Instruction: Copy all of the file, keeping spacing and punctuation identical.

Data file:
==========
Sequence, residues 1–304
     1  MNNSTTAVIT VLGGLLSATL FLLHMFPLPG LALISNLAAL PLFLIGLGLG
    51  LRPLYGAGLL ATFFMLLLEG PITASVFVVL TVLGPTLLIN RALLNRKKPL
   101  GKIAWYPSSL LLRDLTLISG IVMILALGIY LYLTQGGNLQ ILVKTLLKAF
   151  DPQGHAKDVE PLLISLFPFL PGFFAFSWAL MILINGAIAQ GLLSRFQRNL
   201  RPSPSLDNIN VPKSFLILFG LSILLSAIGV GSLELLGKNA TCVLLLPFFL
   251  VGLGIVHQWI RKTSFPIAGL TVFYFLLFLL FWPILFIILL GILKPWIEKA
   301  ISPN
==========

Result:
Sequence, residues 1–304
     1  MNNSTTAVIT VLGGLLSATL FLLHMFPLPG LALISNLAAL PLFLIGLGLG
    51  LRPLYGAGLL ATFFMLLLEG PITASVFVVL TVLGPTLLIN RALLNRKKPL
   101  GKIAWYPSSL LLRDLTLISG IVMILALGIY LYLTQGGNLQ ILVKTLLKAF
   151  DPQGHAKDVE PLLISLFPFL PGFFAFSWAL MILINGAIAQ GLLSRFQRNL
   201  RPSPSLDNIN VPKSFLILFG LSILLSAIGV GSLELLGKNA TCVLLLPFFL
   251  VGLGIVHQWI RKTSFPIAGL TVFYFLLFLL FWPILFIILL GILKPWIEKA
   301  ISPN